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Speech at a Meeting with Business Leaders in Nagoya
Governor of the Bank of Japan
November 26, 2012
I am honored to be here today to speak and exchange views with business leaders from the Chubu region. I would like to take this opportunity to express my deep gratitude for your cooperation with the Bank of Japan's Nagoya branch.
Today, I will start by touching upon economic developments at home and abroad, and then move on to explain the Bank's conduct of monetary policy. I will then discuss the economy's path toward overcoming deflation.
Considering that I have paid this region a visit every year just around this time in November, let me begin my talk by reflecting on developments in the economic environment surrounding Japan's economy over the past year, especially in overseas economies and exchange rates.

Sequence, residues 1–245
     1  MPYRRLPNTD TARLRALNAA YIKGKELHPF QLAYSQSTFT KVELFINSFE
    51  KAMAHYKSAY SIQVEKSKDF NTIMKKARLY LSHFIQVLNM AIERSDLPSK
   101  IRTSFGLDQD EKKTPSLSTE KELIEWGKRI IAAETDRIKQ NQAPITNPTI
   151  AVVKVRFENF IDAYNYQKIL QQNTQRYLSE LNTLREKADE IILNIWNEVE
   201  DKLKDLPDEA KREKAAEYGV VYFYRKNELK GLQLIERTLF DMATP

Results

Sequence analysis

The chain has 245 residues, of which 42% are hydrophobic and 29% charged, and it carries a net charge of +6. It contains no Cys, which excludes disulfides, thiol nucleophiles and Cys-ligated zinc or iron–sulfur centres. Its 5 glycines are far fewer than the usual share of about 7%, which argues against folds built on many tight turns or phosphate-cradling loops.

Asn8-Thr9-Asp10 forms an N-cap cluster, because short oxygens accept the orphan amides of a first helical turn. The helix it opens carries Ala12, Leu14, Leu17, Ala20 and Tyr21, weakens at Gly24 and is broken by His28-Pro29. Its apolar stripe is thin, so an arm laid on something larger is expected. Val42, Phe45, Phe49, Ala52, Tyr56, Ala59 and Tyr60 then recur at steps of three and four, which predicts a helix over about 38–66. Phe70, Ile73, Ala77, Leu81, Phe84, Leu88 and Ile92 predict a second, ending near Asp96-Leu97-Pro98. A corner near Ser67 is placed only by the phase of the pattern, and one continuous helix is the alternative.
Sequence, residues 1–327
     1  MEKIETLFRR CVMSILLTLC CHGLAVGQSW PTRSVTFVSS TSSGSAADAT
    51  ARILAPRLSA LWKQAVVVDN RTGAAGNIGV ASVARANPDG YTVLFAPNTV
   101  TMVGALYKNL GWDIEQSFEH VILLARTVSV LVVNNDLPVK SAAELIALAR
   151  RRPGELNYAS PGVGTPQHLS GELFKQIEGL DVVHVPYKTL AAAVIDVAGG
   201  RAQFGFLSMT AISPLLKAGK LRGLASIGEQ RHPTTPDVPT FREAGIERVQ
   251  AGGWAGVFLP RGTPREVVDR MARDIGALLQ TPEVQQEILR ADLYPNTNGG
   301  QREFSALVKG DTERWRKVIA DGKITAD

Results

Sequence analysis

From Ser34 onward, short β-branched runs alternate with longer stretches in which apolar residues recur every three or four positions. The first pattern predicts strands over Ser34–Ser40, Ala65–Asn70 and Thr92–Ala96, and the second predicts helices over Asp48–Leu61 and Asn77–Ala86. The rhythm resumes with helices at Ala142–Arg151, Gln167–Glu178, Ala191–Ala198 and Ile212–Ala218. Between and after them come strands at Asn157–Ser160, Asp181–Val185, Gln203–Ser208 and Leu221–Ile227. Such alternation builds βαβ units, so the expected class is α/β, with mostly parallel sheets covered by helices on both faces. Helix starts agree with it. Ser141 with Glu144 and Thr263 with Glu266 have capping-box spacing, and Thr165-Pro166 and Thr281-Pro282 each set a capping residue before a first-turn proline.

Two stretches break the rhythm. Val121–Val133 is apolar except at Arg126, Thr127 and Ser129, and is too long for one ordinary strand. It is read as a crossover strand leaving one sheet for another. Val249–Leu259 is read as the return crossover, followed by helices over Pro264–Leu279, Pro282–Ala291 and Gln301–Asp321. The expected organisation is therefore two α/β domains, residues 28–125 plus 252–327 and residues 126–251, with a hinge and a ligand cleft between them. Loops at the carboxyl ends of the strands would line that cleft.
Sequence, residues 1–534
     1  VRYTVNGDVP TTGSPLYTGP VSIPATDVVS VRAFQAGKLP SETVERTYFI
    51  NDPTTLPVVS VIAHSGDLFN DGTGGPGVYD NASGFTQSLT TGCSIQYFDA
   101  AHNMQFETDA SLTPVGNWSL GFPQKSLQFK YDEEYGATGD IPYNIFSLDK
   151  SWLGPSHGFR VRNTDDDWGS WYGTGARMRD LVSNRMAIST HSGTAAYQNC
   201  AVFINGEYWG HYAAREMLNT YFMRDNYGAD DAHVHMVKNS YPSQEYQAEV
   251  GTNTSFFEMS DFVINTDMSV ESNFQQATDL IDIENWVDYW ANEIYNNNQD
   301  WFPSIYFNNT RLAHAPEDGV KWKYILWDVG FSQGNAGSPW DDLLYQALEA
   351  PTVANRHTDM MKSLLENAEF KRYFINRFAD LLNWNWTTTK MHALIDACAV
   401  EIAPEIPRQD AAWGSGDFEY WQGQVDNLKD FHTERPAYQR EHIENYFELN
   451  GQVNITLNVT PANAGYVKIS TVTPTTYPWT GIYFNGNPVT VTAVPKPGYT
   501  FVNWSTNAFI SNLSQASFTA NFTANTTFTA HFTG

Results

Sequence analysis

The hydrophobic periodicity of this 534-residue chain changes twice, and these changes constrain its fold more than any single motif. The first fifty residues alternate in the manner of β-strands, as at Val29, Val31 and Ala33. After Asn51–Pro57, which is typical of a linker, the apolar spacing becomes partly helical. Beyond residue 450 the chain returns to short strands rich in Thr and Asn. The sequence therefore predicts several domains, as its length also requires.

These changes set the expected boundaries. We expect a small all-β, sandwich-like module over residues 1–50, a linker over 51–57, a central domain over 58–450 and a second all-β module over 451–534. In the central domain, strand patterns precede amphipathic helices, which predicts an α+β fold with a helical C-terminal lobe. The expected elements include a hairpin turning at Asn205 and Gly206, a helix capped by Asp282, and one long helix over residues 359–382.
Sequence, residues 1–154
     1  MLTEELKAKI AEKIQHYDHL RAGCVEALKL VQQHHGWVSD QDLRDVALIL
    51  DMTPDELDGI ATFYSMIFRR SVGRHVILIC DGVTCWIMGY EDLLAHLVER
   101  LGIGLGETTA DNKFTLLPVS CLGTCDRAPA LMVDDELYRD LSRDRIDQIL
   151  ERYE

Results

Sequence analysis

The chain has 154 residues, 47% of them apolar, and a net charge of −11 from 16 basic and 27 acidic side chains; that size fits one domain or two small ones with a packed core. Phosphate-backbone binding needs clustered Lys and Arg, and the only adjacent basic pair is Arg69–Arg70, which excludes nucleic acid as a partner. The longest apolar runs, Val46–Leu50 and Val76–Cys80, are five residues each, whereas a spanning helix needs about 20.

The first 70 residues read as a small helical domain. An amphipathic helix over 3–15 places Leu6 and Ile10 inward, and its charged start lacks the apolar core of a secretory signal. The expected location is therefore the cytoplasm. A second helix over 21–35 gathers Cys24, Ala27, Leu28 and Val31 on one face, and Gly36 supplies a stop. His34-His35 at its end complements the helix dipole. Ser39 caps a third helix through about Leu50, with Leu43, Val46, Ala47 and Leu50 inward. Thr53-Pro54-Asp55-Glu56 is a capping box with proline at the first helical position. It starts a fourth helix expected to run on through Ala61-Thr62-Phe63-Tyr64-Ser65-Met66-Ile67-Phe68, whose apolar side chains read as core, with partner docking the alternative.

To start with, I will outline developments in overseas economies. Around this time last year, developments with respect to the European debt problem -- the biggest risk factor for the global economy at that time -- had been highly uncertain and nervousness in financial markets had been so strong that even a worst-case scenario -- namely, the collapse of the euro zone -- had been envisaged (Chart 1). In comparison with last year, the risk of the European debt problem triggering an extreme event such as a global financial crisis has subsided, thanks to progress with reinforcing the safety net including such moves as the European Central Bank (ECB)'s decision to launch a new government bond purchasing program and the inauguration of the European Stability Mechanism (ESM). Nevertheless, an adverse feedback loop among the fiscal balance, the financial system, and economic activity continues to operate in Europe, particularly peripheral countries, and the effects have recently started to spill over to core countries as well. Consequently, the European economy has entered a moderate recession phase, as evident in the fact that it has posted successive negative growth since the fourth quarter of 2011. Meanwhile, the U.S. economy -- its household sector in particular -- has been undergoing recovery at a moderate pace. In terms of changes over the past year, it is a positive indication that housing investment appears to be bottoming out despite its continued low level (Chart 2). However, the situation regarding the "fiscal cliff" -- the same issue as was raised a year ago -- has not changed. In fact, there is increasing concern about this issue as the economy moves closer to the cliff. Relative to the past year, the economy that has encountered the most significant change is China (Chart 3). Deceleration of the Chinese economy has been prolonged mainly due to a decline in exports bound for Europe and inventory adjustment in materials industries, as evident in the fact that its real GDP growth rate on a year-on-year basis has continued to decline for seven consecutive quarters since the first quarter of 2011, though it remains at a high level. Apart from these short-term developments, whether the Chinese economy can make a smooth transition from high growth to moderate and stable growth appears to be growing into a matter of great interest in terms of policy conduct.